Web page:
Estate plans should be reviewed periodically to ensure that their objectives are still being met. And now, with major changes in the tax code that affect estates, it’s important that you revisit your estate plan as soon as you can.
In general, here are guidelines as to why and when you should take another probing look into how you can best pass your assets to your beneficiaries and charities of your choice.
- Tax laws change ― The tax law passed at the beginning of the year made estate tax provisions permanent, with the estate tax exemption amount set at $5,250,000 for 2013 (subject to changes for inflation in the future) and the maximum estate tax rate at 40%. Without reviewing and redesigning your estate plan in view of these changes, it’s almost a certainty that should you or your spouse die this year, there will be some unplanned consequences and missed opportunities. And none of this even takes into account any new or proposed changes in any state inheritance tax you may be subject to
- Asset values change ― Even more dramatic than the state of the U.S. tax code, asset values have undergone their most dizzying changes since World War II. As a result, the total value of assets in estates and funded trusts may have shrunk or expanded significantly and may now be way out of tune with the new unified credit exemptions.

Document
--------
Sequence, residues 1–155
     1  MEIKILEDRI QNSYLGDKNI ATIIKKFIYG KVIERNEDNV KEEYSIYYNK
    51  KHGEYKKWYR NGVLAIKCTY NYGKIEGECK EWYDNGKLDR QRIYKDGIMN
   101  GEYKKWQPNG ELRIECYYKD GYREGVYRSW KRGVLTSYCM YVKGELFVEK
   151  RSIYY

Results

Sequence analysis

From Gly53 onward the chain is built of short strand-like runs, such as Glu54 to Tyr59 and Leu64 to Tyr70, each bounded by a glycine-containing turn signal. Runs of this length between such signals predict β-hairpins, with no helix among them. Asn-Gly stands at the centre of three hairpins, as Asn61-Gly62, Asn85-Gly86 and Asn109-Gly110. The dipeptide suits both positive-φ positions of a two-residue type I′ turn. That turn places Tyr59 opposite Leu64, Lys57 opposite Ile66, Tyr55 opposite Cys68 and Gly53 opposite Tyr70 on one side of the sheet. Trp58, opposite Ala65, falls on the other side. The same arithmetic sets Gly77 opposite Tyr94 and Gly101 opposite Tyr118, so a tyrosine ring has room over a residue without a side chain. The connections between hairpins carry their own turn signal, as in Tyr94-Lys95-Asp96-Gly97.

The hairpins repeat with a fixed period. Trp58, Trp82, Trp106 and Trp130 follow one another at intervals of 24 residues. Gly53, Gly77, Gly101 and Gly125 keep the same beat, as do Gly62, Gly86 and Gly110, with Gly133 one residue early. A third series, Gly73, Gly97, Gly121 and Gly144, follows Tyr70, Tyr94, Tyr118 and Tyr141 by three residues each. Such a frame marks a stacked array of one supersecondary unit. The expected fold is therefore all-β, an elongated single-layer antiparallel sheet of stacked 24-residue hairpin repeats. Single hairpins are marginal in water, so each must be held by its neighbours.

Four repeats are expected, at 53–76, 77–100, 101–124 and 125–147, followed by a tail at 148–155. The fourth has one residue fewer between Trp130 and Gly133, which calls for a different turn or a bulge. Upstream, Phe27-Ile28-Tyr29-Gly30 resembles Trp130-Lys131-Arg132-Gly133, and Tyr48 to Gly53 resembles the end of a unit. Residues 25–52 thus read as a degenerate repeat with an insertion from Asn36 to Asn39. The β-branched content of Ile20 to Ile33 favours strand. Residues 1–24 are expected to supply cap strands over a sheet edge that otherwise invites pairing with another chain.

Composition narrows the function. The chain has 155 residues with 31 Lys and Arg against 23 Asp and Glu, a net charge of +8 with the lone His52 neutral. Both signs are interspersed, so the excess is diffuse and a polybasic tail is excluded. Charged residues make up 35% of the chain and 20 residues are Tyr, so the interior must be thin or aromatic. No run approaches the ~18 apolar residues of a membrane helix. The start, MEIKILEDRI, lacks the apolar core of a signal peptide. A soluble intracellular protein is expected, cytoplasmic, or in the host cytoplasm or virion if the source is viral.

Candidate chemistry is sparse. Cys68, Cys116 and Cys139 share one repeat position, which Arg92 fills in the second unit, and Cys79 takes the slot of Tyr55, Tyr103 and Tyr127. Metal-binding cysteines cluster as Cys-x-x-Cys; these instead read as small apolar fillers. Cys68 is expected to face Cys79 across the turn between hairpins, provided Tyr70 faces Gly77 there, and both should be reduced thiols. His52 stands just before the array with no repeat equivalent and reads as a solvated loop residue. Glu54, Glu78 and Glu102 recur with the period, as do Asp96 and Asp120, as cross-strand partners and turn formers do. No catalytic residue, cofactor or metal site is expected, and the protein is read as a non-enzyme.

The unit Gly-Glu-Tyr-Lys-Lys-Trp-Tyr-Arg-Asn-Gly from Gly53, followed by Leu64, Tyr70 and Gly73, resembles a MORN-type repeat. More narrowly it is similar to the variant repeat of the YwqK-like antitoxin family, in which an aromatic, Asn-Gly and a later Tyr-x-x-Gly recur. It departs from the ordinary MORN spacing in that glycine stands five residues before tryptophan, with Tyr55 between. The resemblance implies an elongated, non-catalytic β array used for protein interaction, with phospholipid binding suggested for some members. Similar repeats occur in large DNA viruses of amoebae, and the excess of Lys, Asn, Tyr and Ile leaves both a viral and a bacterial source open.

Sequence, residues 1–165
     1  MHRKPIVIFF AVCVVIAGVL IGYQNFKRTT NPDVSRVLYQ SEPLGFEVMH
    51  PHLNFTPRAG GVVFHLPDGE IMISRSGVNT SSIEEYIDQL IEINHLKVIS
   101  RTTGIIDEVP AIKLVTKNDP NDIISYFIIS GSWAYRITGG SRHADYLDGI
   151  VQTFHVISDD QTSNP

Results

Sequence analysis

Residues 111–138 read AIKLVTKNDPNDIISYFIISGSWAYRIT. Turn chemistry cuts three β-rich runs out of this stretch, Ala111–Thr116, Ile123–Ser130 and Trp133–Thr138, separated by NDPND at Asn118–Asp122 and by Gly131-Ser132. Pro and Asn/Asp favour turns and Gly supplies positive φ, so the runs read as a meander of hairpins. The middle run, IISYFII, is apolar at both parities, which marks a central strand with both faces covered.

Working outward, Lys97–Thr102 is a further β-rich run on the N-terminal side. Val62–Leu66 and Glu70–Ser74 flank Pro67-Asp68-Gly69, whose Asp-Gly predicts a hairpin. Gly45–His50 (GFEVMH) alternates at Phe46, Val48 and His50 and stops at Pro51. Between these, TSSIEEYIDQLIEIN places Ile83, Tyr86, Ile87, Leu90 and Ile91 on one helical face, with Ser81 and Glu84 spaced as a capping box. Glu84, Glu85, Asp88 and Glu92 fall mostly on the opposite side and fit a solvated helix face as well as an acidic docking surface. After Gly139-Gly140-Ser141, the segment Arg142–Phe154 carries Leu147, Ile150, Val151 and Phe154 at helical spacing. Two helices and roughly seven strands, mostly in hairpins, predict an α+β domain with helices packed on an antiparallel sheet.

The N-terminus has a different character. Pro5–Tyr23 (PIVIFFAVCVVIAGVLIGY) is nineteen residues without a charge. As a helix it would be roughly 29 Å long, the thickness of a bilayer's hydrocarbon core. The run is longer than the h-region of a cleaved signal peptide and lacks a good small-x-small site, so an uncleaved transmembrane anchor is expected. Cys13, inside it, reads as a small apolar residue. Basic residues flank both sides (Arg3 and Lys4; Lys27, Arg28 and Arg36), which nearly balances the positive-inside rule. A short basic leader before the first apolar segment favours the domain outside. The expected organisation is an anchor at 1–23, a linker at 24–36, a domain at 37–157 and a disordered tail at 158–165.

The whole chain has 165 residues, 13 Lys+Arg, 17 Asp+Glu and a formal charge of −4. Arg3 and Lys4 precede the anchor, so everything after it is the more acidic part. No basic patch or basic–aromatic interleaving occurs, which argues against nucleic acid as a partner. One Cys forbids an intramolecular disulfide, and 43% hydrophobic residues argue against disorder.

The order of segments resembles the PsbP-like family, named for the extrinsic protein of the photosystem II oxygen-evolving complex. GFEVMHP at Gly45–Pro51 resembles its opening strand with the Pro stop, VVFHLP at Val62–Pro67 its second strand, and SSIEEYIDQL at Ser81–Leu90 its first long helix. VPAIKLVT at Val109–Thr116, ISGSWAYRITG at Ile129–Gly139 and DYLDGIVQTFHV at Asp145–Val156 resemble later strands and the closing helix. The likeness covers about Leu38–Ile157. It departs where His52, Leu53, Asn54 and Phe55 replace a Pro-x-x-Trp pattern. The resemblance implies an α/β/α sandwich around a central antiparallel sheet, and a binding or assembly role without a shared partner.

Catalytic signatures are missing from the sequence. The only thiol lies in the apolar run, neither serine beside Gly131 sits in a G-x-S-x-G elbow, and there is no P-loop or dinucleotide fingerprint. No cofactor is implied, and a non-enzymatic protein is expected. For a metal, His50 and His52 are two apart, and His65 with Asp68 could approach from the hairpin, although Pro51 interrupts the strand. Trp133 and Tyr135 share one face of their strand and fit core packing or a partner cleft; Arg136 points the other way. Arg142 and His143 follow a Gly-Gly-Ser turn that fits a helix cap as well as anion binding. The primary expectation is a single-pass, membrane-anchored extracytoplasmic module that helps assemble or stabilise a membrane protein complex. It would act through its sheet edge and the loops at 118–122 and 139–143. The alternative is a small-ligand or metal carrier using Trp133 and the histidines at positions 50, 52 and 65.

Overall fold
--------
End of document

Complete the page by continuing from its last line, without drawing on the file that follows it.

- Life changes ― Are you and your spouse earning the same amount of money and in the same health as you were the last time your estate plan was finalized? Are you still married to the same person? Do you still have the same number of children and heirs? Such changes may happen as often as several times a year, and if you have a backlog of changes not yet reflected in your plan, there’s no good reason to wait any longer.
- Causes change ― If charitable giving is part of your plan, there are several reasons it may need to be updated. The causes you want to support may have changed, new charities may have arisen that interest you, or the financial state of the charities you support may have become more dire or more flush.
Despite the fact that an estate plan deals with your passing, to be consistent with your wishes and concerns, the best guideline is to consider it a living document that needs periodic reassessment. Please call if you would like to discuss this in more detail.
Copyright © Integrated Concepts 2013. Some articles in this newsletter were prepared by Integrated Concepts, a separate, nonaffiliated business entity. This newsletter intends to offer factual and up-to-date information on the subjects discussed, but should not be regarded as a complete analysis of these subjects. The appropriate professional advisers should be consulted before implementing any options presented. No party assumes liability for any loss or damage resulting from errors or omissions or reliance on or use of this material.